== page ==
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Von Haller was also engaged in literary pursuits during the same time and penned the poem ‘Die Alpen’ in 1729, which was based on his journey through the mountainous region of Alps. The same year, he travelled back to Bern and was engaged in the profession of a physician in the city.
In 1732, his book ‘Gedichte’ was published and the poem ‘Die Alpen’ was first printed in this book.
In 1736, he moved to Germany and joined the ‘University of Göttingen’ as the chairperson of the botany, medicine, surgery and anatomy department of the institute.
In 1743, this eminent physician was made a Fellow of the Royal Society. During his stay at Göttingen, he was included in the cantonal council of Bern.
Albrecht was inducted into the ‘Royal Swedish Academy of Sciences’ in 1747 as a foreign member, and two years later, he was promoted to a noble rank.
In 1753, he resigned from his post of chairman at the ‘University of Göttingen’ and relocated to his hometown Bern. There he was elected to the office of Rathausammann, and was engaged in political affairs of the region. During the same time he also carried on his botanical research work as well as penned poetry.
In 1755, his book ‘Onomatologia medica completa’ was published which was co-written by Johann Peter Eberhard.
He penned the book ‘Historia stirpium indigenarum Helvetiae inchoata’ in 1768, and this was followed by the publication of his book ‘Ode sur les Alpes’.
In between 1771-72, he inked his work on botany named ‘Bibliotheca botanica’ and his researches and observations mentioned in this book, hold good till date.
During the period 1771-74, the philosophical works which he wrote include ‘Usong’, Alfred’ and ‘Fabius and Cato’, and in these he discusses despotism, aristocratic republican and limited monarchy.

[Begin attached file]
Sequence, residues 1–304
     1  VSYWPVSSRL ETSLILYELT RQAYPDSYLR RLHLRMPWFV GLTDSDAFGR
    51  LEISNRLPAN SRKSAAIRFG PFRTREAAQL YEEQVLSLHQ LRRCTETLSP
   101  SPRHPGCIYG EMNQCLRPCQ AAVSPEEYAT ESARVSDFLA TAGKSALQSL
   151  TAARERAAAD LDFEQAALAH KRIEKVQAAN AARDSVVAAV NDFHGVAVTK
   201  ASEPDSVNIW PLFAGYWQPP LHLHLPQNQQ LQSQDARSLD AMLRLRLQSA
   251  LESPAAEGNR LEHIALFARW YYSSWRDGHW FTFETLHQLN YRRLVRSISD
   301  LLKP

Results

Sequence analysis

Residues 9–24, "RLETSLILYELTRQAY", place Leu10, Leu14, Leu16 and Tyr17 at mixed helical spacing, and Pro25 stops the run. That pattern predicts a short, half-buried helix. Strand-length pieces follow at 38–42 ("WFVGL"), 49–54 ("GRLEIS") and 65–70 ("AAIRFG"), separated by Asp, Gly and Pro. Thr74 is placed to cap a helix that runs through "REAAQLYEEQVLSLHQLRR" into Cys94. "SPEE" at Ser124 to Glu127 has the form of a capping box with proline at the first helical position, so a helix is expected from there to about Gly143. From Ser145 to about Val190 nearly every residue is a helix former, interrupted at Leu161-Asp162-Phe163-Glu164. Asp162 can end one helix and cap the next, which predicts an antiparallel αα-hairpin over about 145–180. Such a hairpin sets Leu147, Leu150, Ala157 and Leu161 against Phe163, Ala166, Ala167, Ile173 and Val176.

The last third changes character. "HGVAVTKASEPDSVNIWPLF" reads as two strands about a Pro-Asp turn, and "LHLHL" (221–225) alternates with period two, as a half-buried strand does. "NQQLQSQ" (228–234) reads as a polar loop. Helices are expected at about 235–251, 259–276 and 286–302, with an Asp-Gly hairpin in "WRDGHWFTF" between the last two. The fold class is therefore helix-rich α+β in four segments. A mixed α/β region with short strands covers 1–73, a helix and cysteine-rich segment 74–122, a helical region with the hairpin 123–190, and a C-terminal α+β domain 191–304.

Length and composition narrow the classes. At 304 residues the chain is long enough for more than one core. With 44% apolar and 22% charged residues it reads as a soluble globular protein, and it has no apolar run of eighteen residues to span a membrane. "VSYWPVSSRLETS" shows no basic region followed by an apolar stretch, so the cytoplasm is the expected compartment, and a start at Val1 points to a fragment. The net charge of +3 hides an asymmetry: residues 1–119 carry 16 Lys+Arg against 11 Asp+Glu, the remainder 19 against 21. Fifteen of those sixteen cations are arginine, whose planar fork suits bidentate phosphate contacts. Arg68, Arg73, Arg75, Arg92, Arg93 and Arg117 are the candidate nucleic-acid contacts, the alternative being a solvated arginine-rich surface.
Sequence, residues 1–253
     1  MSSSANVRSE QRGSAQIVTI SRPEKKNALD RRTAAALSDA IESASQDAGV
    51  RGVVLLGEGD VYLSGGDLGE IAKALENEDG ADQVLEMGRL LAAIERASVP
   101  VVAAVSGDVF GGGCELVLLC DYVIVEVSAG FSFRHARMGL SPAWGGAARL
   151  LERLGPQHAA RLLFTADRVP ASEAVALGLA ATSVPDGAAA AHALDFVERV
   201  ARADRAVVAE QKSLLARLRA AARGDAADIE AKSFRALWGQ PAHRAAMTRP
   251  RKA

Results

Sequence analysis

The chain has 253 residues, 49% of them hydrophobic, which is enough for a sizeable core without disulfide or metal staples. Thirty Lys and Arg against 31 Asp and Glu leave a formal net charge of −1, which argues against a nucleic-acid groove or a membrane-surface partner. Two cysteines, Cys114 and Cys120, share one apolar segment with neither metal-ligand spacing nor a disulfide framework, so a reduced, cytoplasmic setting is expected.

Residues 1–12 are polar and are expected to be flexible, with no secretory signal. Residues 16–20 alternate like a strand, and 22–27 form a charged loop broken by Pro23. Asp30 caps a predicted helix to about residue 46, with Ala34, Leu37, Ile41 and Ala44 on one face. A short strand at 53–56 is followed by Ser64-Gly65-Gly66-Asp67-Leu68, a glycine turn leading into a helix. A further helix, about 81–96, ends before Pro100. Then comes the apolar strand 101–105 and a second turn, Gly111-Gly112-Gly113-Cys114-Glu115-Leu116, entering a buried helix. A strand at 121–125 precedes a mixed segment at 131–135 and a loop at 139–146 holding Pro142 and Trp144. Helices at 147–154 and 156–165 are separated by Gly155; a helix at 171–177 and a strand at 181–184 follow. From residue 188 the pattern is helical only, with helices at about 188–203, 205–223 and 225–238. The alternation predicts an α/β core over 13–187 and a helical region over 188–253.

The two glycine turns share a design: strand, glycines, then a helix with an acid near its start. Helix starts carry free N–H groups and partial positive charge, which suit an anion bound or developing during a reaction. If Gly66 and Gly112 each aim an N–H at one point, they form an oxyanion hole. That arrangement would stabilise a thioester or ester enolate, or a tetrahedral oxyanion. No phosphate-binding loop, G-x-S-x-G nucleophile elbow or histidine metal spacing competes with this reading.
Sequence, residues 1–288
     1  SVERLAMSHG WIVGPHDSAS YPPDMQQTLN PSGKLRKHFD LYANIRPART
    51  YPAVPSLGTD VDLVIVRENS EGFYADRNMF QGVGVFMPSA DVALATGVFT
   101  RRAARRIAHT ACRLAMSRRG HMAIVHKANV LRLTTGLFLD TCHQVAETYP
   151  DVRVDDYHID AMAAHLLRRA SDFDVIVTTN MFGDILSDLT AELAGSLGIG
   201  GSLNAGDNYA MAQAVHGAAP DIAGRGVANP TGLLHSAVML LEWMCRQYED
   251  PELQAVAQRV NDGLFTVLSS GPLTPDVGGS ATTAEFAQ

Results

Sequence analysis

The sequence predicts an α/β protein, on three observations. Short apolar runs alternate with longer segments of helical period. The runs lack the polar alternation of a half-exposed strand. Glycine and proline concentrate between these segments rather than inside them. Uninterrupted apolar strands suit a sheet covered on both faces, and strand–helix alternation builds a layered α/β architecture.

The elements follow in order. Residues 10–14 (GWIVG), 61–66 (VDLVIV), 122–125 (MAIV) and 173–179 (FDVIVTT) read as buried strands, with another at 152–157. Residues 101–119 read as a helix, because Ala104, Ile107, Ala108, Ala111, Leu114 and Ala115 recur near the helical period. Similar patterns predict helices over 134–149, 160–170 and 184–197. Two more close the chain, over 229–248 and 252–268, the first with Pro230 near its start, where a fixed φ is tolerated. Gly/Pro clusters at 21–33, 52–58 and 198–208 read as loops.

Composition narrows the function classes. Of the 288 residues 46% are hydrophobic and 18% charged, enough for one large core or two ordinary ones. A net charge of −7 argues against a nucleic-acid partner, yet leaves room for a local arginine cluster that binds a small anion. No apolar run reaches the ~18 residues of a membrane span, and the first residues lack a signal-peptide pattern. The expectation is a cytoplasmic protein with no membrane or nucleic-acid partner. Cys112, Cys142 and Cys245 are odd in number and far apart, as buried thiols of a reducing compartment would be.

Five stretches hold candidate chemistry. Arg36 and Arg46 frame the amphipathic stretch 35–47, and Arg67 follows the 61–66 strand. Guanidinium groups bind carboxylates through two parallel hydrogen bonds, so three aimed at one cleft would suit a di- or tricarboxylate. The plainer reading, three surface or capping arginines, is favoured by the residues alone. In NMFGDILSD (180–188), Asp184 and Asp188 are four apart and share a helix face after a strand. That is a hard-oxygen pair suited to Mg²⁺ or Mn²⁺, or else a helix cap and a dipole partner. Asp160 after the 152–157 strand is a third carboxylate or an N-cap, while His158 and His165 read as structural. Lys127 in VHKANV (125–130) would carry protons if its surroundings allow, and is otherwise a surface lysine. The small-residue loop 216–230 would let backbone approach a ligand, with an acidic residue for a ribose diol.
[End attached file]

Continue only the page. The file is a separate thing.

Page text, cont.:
His book ‘Bibliotheca anatomica qua scripta ad anatomen et physiologiam’, which appeared in two volumes was published between the years 1774-77.
This anatomist has made many contributions to the world but one of his most important works is his observation of the activities of the muscle as well as the nervous system. These observations by this learned physiologist, led to the foundation of modern day neurology.
Haller is also credited with observing and understanding the respiratory process and the independent functioning of the heart.
Personal Life & Legacy
He married thrice and was the father of eight children. Two of his sons named Gottlieb Emanuel and Albrecht, also embarked on a career as a botanist.
By 1773, his health started deteriorating and he took to opium in order to relieve himself of suffering. The use of this drug, apparently, brought him an early death than his illness.
On 12th December, 1777, this exceptional anatomist breathed his last in Bern. His works ‘Materia medica oder Geschichte der Arzneyen des Pflanzenreichs’ and ‘Histoire des Plantes suisses ou Matiere médicale et de l'Usage économique des Plantes par M. Alb. de Haller ... Traduit du Latin’ were published posthumously.
The botanist Carl Linnaeus has named a shrub as ‘Halleria’ in the honour of Albrecht von Haller.